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Gli effetti sono visibili, come riportato nel grafico.

Ripetiamo però come il problema non si estingua nel mero aspetto economico, importante sicuramente, ma non essenziale.

Si richiede un cambio mutazionale di mentalità. Se prima le femmine percepivano la prole come un peso, adesso la si dovrebbe vedere come un beneficio. Se prima si inculcava alle femmine il concetto di donna in carriera che si realizzava nel lavoro, adesso ritorna il concetto normale di realizzazione nella famiglia e nell’allevamento della prole.

È un processo che richiederà almeno una generazione.


Marriage Up, Abortion and Divorce Down as Hungary Chooses Family Support Over Mass Migration

Hungary is preparing to hold a country-wide national consultation on its family policy, which has already resulted in an increase in marriage and a decline in abortion and divorce.

The Fidesz-KDNP government has chosen to support couples with children rather than accept mass migration to ameliorate long-term demographic issues, to the chagrin of its critics in the European Union’s power elite.

“In recent years, finding the proper response to Europe’s demographic decline has become one of the biggest sources of disagreement between European and Hungarian politics,” observed Dr Zoltán Kovács, official spokesman for Prime Minister Viktor Orbán’s Cabinet Office, in a post on the official About Hungary website announcing the upcoming national consultation.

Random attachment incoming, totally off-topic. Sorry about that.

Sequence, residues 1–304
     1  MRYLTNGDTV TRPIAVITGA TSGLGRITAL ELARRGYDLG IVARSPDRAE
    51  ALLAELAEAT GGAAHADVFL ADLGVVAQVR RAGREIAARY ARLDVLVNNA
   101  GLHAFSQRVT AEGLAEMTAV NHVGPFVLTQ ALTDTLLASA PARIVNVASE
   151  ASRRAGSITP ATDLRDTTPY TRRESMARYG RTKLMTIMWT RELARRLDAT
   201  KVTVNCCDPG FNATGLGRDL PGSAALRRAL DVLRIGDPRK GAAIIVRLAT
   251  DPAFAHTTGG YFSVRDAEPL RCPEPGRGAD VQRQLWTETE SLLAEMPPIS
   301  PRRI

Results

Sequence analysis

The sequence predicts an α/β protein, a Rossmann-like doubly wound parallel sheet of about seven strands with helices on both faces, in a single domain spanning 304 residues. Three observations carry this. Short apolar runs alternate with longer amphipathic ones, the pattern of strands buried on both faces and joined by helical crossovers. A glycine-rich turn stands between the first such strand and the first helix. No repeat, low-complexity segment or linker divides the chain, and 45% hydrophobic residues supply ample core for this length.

“While Brussels bureaucrats and the European liberal, pro-migration mainstream see immigration as the necessary and unavoidable solution, the Hungarian government stands committed to the idea of increasing birth rate through more effective family support measures,” the Hungarian added.

Dr Kovács claimed existing pro-family policies implemented by the Orbán government are already bearing fruit, with abortion number dropping by more than a third from 40,449 to 28,500 from 2010 to 2017, divorces falling from 23,873 in 2010 to 18,600, and — perhaps most remarkably — marriages increasing by a striking 42 percent.

Hungary’s results in reducing abortion, in particular, have earned widespread praise from pro-life organisations overseas.

The country’s new constitution makes a commitment to protect the unborn, but abortion on demand up to 12 weeks remains legal, and up to 24 weeks in the case of severe disability, according to the Christian Institute.

It appears to be extra government support for adoption services and counselling for expectant mothers which has brought the number of abortions down, along with a requirement for a three-day waiting period between an abortion request and termination, to make sure women have time to reflect on their decision and cannot easily be rushed by third parties.

The European Union often attempts to interfere with family policy in Hungary, with the bloc’s unelected governing executive weighing to denounce a pro-adoption poster campaign showing an unborn baby in its mother’s womb with the slogan ‘I understand that you are not yet ready for me, but give me up to the adoption agency, LET ME LIVE!’ as being “against European values”.